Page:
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Secrets of the Conditional Tag Revealed: How to Gain More Control Over Your WP Templates

More and more these days, we are all finding WordPress being used as a content management system. It shouldn’t be too tough to see why — highly customizable, a community growing in size and knowledge, and a plethora of options in the way of plugins and simple yet highly effective PHP edits. Thanks to these, you have access to an open source script that allows you to show what you want, when you want, where you want, and how you want in virtually no time. But what happens when you only want a simple variation from one page to the next?

Enter: the conditional tag.

What is it?

Conditional tags, in short, say that if these certain requirements are met, then put this code in the page. I’m sure that you can imagine the level of control this allows you to have over your themes. If you only want to display your blogroll on the home page? Use a conditional tag! Want to stick AdSense in all your posts except for the ones categorized as “sponsored posts?” Use conditional tags! Do you want to avoid creating a whole new file in your template for a 404 error page? Conditional tags to the rescue! Of course, do note that one of the great things about WordPress is that there are several different ways to do everything, but I’ve never heard anyone complain about adding an extra tool to the toolkit. ;)

The Setup

Let’s set up a scenario that calls for a need for Conditional tags. Let’s say that you’re creating a website where you want different content to show on your sidebar for different parts of your website. You have three different sidebars that you want to display on your website: the first one is housed in primary-sidebar.php; the second one in secondary-sidebar.php; and the third, tertiary-sidebar.php. You want primary-sidebar.php to appear on your “home”, “archives”, and “contact” pages. You want secondary-sidebar.php to appear whenever a single post is being displayed. (I know you could always just add another sidebar.php file, but if the variation between the two would only be slight, what’s the point?) Lastly, you want tertiary-sidebar.php to be shown everywhere else.

What do conditional tags look like?

<?php if(is_home() || is_archive() || is_page('contact')) { ?>
	<?php include(TEMPLATEPATH.'/primary-sidebar.php'); ?>
<?php } elseif(is_single()) { ?>
	<?php include(TEMPLATEPATH.'/secondary-sidebar.php'); ?>
<?php } else { ?>
	<?php include(TEMPLATEPATH.'/tertiary-sidebar.php'); ?>
<?php } ?>

Ladies and gentlemen, that is a conditional tag.

Allow me to explain.

Line 1: This is your opening statement. This basically sets up the “requirements” that I mentioned before, and uses an open bracket “ { ” to denote the start of the conditional content. Line 1 in this example basically says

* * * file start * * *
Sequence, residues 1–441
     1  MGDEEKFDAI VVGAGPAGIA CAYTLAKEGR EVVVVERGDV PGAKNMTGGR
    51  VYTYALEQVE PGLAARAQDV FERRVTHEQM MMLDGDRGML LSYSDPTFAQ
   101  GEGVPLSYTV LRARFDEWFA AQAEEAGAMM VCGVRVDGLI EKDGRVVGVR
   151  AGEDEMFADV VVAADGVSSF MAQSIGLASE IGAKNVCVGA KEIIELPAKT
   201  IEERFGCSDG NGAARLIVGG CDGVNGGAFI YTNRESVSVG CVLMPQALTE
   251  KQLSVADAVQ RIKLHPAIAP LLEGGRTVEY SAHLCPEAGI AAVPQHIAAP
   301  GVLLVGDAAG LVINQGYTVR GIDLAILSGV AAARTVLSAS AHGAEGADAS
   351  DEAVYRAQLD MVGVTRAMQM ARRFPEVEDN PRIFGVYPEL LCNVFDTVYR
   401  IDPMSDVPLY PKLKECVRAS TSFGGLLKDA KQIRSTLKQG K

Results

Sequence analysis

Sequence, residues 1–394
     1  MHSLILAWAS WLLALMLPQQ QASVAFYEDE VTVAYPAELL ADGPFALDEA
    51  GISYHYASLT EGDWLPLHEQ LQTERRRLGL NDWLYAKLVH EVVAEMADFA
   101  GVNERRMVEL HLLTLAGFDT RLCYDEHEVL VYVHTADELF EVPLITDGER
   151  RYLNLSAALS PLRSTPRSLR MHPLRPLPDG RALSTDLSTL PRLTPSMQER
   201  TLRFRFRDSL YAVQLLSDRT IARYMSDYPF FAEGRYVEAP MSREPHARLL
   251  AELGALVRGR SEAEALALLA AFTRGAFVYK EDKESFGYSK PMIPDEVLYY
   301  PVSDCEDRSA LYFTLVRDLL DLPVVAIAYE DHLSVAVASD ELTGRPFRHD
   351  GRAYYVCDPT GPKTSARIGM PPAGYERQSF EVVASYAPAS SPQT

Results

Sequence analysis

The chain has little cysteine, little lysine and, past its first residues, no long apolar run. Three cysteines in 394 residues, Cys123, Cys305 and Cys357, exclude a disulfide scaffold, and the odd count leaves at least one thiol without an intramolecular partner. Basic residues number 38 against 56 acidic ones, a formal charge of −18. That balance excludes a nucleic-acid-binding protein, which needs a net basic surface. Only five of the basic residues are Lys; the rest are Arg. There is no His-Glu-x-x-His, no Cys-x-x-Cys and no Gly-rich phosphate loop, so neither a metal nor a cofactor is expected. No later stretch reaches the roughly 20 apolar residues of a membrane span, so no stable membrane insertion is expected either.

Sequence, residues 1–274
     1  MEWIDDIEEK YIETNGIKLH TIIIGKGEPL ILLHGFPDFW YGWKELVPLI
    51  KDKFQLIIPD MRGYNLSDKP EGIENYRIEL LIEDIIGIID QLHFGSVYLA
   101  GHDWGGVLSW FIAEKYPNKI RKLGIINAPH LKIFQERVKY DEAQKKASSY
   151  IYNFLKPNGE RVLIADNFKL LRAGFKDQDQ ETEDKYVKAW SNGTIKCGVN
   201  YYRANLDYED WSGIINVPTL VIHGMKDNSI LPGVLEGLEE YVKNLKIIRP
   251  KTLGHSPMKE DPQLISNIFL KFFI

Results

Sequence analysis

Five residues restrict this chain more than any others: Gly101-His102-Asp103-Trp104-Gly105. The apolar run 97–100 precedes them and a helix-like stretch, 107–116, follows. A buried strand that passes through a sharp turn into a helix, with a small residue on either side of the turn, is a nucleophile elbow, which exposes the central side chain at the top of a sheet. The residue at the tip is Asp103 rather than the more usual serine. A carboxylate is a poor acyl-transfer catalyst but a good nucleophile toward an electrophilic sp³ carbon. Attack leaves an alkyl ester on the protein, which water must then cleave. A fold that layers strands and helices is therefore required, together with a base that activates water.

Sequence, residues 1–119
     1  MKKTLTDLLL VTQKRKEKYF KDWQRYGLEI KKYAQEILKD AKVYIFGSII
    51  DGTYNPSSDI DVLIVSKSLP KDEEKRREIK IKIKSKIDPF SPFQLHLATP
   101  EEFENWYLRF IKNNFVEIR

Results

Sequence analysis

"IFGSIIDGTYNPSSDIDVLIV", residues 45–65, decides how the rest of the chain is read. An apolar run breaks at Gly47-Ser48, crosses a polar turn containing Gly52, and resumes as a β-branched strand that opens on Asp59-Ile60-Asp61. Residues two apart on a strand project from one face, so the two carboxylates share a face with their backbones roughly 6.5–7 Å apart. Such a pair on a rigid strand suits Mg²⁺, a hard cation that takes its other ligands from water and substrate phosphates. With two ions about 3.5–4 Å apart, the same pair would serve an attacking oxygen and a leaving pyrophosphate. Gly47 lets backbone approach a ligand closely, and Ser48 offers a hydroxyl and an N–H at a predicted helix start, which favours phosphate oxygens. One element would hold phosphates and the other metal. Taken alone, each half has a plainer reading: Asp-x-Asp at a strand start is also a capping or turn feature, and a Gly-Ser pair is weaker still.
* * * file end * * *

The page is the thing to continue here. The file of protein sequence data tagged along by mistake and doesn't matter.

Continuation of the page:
If this page is the home page, ANY kind of archive (that includes when posts are sorted by category, by author, by date, or by tag), or any Page named ‘contact’, show the following content.

Line 2: This is the content that you want to display when the page being viewed meets those requirements. It doesn’t have to just be an included file, it doesn’t have to be one line, and it certainly doesn’t have to be short.

Line 3: This line closes the brackets from line one, therefore ending that “option.” Following in line with what Line 1 said, this one says:

If the previous requirements aren’t met, here are some new ones. If the page being viewed is a page that displays a single post, show the following content.

Line 4: Here, we set up the content to be shown if Line 3 is applicable.

Line 5: At this point, we’ve done just about everything we wanted to do, and the only thing left is to set up the rule that says “show tertiary-sidebar.php on everything else.” Line 5 sets that up, and Line 6 declares the content to be shown.

There are a couple of things to note here. First, take note of the double lines used in line 1 – seen as “||” – which are used to say “or.” So, the line translates to “If this page is the Home page OR an Archive OR is a page named ‘contact’.” If you wanted to say “and” instead of “or,” you would use double ampersands “&&” in place of the lines. Second, if you were uncomfortable using the name of a page as opposed to a page id, you can say is_page('231') instead of is_page('contact'), with “231” being the page_id for your contact page. Third, if you wanted to add MORE variations, you would duplicate Lines 5 and 6, changing the rule and the content to suit your needs.

In conclusion, I hope I’ve at least enlightened you to go seek out more information about this powerful little piece of code that gives you that much more control over what your templates do for you. There are numerous possibilities, and I hope I was able to multiply those for you at least by a little!

About the Author
Erika Kendall runs Hype IMD, a web design and online marketing firm based out of Miami, and also blogs at Internet Espionage. She enjoys long walks on the beach, peanut butter and jelly, and scribbling with sidewalk chalk on the driveway with her young daughter.
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